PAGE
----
Friday, July 17, 2015

Calvin on The Great Exchange

From Calvin's 1541 French edition of the Institutes of the Christian Religion comes this tasty morsel:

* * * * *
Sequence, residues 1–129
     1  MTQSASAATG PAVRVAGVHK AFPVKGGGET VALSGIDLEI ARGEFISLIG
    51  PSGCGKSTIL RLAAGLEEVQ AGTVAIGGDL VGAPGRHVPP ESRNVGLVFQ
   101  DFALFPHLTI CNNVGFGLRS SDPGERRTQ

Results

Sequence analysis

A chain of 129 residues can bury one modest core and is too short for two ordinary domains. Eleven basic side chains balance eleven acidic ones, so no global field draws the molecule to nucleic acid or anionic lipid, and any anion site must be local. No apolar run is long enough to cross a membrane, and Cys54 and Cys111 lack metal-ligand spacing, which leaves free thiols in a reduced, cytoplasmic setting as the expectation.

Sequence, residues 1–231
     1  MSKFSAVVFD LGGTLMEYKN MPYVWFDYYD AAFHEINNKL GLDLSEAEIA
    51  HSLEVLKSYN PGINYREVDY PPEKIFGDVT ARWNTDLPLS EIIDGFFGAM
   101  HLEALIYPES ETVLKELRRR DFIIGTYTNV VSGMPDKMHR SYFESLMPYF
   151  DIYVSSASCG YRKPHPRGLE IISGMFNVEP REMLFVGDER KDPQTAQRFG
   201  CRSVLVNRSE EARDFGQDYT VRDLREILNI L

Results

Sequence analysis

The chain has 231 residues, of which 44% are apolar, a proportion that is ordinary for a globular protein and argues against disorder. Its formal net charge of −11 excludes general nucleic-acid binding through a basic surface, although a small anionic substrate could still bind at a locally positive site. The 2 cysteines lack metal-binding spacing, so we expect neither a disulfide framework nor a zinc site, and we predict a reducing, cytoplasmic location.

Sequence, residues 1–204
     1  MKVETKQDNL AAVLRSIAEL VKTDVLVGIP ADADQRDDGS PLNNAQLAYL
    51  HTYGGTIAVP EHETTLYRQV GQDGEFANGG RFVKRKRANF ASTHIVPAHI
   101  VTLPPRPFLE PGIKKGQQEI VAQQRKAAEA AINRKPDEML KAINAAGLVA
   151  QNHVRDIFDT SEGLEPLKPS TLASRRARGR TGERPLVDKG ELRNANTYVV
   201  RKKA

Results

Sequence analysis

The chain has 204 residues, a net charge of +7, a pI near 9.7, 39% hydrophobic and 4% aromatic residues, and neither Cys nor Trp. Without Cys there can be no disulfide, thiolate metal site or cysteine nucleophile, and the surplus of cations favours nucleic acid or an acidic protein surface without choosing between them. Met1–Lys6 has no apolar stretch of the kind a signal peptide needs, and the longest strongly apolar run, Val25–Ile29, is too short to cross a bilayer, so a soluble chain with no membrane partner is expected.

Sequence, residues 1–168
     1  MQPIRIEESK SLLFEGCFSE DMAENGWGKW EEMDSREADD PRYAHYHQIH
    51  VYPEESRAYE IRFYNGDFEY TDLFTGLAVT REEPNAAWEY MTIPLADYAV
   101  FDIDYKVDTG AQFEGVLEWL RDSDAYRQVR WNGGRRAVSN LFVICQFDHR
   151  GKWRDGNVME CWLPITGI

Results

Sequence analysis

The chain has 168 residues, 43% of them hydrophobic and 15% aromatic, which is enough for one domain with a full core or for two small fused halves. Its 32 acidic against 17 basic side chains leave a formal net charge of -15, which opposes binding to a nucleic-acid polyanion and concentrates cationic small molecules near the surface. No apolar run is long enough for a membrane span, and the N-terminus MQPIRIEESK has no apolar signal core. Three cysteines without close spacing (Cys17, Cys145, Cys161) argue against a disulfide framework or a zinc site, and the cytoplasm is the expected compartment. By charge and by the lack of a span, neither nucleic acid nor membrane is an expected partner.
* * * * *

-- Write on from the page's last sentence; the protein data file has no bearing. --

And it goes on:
We clearly see how people are devoid and stripped of all good, and how they lack all that pertains to their salvation. That is why, if a person wants something to help him in his need, he must go outside himself and seek his help elsewhere. . . . Our Lord presents Himself freely to us in His Son Jesus Christ, offering us in Him all happiness in place of our misery, all abundance in place of our poverty, and opening to us in Him all His heavenly treasures and riches so that all our faith may look to His very dear Son, all our expectation may be in Him, and all our hope may rest on him. This is a secret, a hidden philosophy which cannot be understood by syllogisms; but those people understand it whose eyes our Lord has opened in order that in His light they may see clearly. We are taught by faith to know that all the good we need and which we lack in ourselves is in God and in His Son our Lord Jesus Christ, in whom the Father has established all the fullness of His blessings and abundance so that we may draw everything from there as from a very full fountain. Now it remains for us to see in Him and, by prayers, ask from Him what we have learned is there. For otherwise to know God as the Master, Author, and Giver of all good who invites us to ask them from Him, and for us not to address Him, not to ask anything from Him, would not benefit us at all. It would be as if someone disdained and left buried and hidden under the earth a treasure about which he had been told."

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